Harnessing gains and sustaining the Women@Work Campaign agenda

Posted by: haki_mashinani
Category: hmk, media-monitoring


One of the indicators of a successful project is its ability to go beyond its funding cycle.  This involves continuation of interventions that achieve results and are owned by stakeholders.

Haki Mashinani, a partner in the Women@Work campaign is prepared for this task in the second year of implementing this program.

Building on interventions that will create awareness and promoting the rights of women workers in flower farms, their approach in this second phase of implementation of the campaign will be strategic, looking beyond the life of the Women@Work campaign.

Consolidate gains

According to Thaddeus Nyandika, Programme Officer at Haki Mashinani, the plan is to consolidate gains made the previous year and sustain the campaign agenda. This will target flower farm workers, management of flower farms, and institutions that work closely with flower farms.

“Our work in the first year of implementation has been lauded by beneficiaries but we want to achieve better results in this second phase,” says Nyandika.

“Besides working with the workers in flower farms, we intend to include policy issues and engage key partners in the industry who will help to leverage on our work such as the Kenya Flower Council (KFC), the Kenya Planters Workers Union (KIPAWU) and partners in women at work campaign,” he adds.

Haki Mashinani also plans to strategically work with KFC to sensitise their members the importance of having policies such as sexual harassment, fair wages and labour rights in order to improve working conditions.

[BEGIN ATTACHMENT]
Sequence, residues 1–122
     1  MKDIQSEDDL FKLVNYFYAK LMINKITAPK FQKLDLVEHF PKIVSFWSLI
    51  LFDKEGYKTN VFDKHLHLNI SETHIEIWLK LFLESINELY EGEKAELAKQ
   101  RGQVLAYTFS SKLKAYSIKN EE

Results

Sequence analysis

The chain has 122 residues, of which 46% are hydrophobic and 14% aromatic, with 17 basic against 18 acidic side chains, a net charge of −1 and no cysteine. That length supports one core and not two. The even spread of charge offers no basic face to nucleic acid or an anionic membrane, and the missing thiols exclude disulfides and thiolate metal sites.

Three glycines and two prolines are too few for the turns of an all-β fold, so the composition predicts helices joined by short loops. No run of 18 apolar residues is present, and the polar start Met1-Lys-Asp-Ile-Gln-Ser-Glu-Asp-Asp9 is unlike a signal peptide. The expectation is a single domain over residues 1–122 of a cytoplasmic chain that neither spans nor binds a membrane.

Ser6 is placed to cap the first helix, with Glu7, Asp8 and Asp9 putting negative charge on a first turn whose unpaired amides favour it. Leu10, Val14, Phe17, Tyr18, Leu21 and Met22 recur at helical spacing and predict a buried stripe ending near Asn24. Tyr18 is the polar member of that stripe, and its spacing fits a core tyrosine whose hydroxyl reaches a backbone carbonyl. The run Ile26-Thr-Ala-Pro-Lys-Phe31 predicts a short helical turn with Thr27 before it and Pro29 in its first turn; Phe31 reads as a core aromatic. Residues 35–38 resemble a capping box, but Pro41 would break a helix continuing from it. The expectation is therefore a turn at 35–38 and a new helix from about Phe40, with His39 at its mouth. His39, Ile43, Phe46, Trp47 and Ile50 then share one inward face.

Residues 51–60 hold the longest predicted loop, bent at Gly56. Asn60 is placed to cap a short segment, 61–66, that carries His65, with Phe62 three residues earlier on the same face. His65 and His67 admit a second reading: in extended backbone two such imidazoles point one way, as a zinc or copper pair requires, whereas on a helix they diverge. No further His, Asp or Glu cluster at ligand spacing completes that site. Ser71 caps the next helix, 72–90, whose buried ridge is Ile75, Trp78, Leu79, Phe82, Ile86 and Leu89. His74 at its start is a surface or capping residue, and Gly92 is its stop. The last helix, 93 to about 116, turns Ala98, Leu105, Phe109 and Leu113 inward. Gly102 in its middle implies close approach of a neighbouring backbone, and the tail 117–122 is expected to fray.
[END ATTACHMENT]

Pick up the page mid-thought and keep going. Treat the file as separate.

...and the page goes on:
“We will engage with all stakeholders, KFC and farm managements to ensure goodwill so that Corporate Social Responsibility (CSR) activities by farms can incorporate and focus on workers sensitisation on human rights and social issues that affect the workers,” notes Nyandika

Baseline Survey

Haki Mashinani is currently conducting a baseline business case studies research on flower farms to help ascertain practical and functional interventions in implementing the Sexual Harassment Policy.

A model Sexual Harassment Policy has already been developed by partners in the campaign.

According to Salome Odera, Executive Director at Haki Mashinani, the model policy was piloted in 10 firms, with many others yet to benefit. The baseline research will help to identify existing gaps and the best practices.

“The law requires that farms with more than 20 employees have a Sexual Harrassment Policy but flower farms have more employees. The baseline will look at reasons why farms do not have the policies and come up with practical recommendations for this to happen,” adds Odera.

Haki Mashinani also intends to work on the adoption and institutionalisation of the model sexual harassment policy in selected farms.

“We plan to engage management in flower farms on this policy.” Nyandika says that they “will map the farms that already have an existing policy or guidelines, and work with them on implementation.”

Those that do not have the policy will be assisted to develop one for their farms.

Short Messages (SMS) platform

In the second phase, Haki Mashinani will also set up a free Short Messages (SMS) platform to sensitise workers on their rights. Messages will include information on; Constitutional basis of labour laws; statutes relating to labour laws in Kenya; International norms on labour laws; Sexual harassment at work places, labour relations; Occupational safety and health and Work injury benefits.

The SMS platform will allow feedback from the workers without them incurring any charges. The worker will be encouraged to share information on issues affecting them, and questions or concerns that they would like to be addressed. Their information will be treated with confidence.

Due to the recruitment at the farms and hence the need for sensitisation, Haki Mashinani plans to continue with capacity building interventions on enhancing their rights with flower farm workers in general and the gender committees.

Additional trainings lined up and which were informed by needs identified by workers in the previous year of implementation include; Psycho Social Support (PSS) and Anger and Stress Management.

“We also hope to continue our awareness and sensitisation campaigns using Participatory Educational Theatre (PET) in the selected farms,” says Nyandika

Author: haki_mashinani
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